Affiliate-Friendly Advertising Network: Connecting Small Businesses and Clients

21.12.2018

According to urban development specialists, Big Data analysis can help people  form  close-knit communities based on shared values and interests. This is the main objective of a new project with the working title ‘Affiliate-Friendly Advertising Network’, launched by the Quality of Urban Life Laboratory (QULLAB), a resident of ITMO’s Institute of Design & Urban Studies. What this network does is it gathers and analyzes data about citizens’ visits to restaurants, cafes and other eating spots in St. Petersburg. The laboratory’s project even became the winner of a competition organized by the Institute of Media, Architecture  and  Design as part of the In the City Conference.

Affiliate-Friendly Advertising Network (the project’s working title) is a tool aimed at finding links between different eating spots, which incorporates a Big Data analysis algorithm. A user ‘checks in’ a bar or a cafe and the system automatically adds the place in their favorites list.  

The QULLAB’s staff Arten Konukhov, Aleksandra Nenko, and Marina Petrova used the algorithm to create a map of St. Petersburg’s cafes and restaurants and find out the most cohesive clusters, which are marked on the map as places that attract many people with common interests. In simple words, if you always go from a coffee shop (A) to a bakery (B), you create a link between A and B.

According to the results of the project, the borders of these clusters don’t always coincide with the borders of the city’s districts; they make their own map of the city, which reflects the citizens’ interests and daily routines. The map is available here.

Credit: spblivehoods.github.io

Credit: spblivehoods.github.io

The project is aimed at small businesses such as coffee shops, bakeries, bars, small bookstores, and so on, which offer affordable but personalized services. The project’s team members view themselves as researchers of natural human behavior in the urban environment.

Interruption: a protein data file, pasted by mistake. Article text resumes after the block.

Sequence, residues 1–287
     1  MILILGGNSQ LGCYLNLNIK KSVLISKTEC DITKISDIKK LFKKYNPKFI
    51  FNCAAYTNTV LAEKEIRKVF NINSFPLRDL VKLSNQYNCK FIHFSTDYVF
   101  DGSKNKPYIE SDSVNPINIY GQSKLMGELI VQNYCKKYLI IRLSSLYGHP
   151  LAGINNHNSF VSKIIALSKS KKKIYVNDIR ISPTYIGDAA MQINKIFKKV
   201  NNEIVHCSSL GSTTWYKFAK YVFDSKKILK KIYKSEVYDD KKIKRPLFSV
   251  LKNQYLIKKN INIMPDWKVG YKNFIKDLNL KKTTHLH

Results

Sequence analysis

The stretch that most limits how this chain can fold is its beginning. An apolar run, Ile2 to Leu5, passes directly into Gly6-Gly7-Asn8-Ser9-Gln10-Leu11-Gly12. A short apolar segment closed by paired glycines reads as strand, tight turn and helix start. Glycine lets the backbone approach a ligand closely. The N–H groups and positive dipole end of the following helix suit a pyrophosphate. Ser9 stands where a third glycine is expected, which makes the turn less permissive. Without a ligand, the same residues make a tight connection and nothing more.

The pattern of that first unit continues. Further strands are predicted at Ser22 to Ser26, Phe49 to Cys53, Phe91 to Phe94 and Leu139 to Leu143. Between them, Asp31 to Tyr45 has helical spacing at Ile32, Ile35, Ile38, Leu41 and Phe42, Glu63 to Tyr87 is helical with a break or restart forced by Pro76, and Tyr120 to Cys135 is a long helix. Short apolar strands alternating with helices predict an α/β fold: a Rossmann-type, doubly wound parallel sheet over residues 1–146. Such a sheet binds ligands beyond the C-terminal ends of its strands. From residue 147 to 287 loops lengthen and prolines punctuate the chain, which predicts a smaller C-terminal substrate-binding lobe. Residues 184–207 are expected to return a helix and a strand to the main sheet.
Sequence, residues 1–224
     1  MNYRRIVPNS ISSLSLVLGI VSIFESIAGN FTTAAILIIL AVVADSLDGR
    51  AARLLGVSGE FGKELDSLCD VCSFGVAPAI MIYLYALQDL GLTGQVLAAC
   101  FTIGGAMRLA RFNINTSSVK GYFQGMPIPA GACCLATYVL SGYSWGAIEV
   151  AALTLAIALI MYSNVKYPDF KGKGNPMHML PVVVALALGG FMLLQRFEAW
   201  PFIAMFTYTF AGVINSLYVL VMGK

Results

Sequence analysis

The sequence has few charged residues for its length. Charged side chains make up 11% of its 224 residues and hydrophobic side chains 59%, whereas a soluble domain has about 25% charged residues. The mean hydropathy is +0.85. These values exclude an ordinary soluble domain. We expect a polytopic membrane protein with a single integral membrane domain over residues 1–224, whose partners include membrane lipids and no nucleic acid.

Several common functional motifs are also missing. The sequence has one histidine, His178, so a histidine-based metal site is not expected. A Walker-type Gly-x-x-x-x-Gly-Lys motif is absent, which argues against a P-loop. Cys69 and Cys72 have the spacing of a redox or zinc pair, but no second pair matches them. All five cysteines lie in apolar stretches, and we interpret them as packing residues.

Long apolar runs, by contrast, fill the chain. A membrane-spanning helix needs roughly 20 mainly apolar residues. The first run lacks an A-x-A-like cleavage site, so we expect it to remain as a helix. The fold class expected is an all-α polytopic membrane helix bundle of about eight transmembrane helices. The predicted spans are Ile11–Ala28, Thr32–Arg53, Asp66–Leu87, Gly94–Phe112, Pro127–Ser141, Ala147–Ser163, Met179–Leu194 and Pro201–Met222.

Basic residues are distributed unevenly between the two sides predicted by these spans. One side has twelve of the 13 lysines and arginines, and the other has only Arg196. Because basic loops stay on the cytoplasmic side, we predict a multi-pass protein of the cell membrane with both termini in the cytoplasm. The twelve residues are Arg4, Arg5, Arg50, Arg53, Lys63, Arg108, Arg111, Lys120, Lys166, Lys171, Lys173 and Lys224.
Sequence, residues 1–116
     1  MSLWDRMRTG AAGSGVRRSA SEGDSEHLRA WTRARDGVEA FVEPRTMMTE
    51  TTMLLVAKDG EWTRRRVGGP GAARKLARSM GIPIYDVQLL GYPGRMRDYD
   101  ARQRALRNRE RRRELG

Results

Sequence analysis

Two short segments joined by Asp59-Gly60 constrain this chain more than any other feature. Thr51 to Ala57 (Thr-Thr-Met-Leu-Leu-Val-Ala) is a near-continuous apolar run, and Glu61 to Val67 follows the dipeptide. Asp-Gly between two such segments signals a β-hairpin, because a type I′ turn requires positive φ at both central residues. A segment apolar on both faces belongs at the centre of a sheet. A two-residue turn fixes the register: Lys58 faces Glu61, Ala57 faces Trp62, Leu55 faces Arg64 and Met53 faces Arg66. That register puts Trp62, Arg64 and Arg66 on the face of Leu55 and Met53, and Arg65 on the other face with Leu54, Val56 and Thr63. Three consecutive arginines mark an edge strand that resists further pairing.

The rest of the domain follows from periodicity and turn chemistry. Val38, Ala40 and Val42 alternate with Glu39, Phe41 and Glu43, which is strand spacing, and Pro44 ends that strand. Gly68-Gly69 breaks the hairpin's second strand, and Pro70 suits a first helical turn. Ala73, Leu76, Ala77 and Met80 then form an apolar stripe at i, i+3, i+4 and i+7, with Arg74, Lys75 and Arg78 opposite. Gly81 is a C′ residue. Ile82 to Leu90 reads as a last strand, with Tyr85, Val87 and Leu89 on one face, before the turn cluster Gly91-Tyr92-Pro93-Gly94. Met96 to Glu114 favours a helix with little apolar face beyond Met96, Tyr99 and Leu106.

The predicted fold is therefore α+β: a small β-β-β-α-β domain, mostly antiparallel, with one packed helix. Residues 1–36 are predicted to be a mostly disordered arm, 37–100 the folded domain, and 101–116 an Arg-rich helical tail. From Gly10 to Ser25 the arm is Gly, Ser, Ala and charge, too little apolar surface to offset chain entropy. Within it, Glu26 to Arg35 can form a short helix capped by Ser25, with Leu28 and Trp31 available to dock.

“We find inspiration in the ideas of the Chicago Sociological School, which emerged in the 1920s and was the first major body of works specializing in urban sociology,” shares Aleksandra Nenko, the head of QULLAB. “We also rely on the ideas of the Livehoods project conducted by the Carnegie Mellon University. We used their approach to data analysis and improved the algorithm so that it could take into account various obstacles such as industrial territories, highways, and water. We think that our algorithm can be especially useful for small businesses.”

Aleksandra Nenko

Aleksandra Nenko

Prototype

The team is now working on a paper-based prototype of their map: they want to equip every cafe and bar with a special box where they’ll place discount vouchers for services rendered by their partner-companies.

“The main goal of this prototype is to find out if people will really go from A to B if offered a discount,” explains Atrem Konukhov, a Master’s student at ITMO’s Institute of Design & Urban Studies, IT specialist and developer at QULLAB. “For example, I hardly need discount vouchers when I’m heading to the metro, but I don’t mind getting one at the university when I’m going to have lunch. Or when I have already bought a coffee and want to buy some cookies in a different place.”

The developers aren’t afraid that people won’t like the fact that they collect data about their choices. All the data is gathered anonymously. Apart from garnering information, the authors of the project also ‘stalk’ people on media, both intentionally and unintentionally. They say that this initiative is beneficial for both companies and users.

The future of the project

The team now plans on creating a mobile application. By using this app, people will be able to see all their favorite spots in one place and get benefits in a game format. For instance, users may be offered to ‘collect all the vouchers of the week and get a prize’. Apart from that, the application will help users with building walking routes connecting eating spots. The developers believe that such an app will facilitate the creation of close-knit communities of people based on shared interests.


Journalist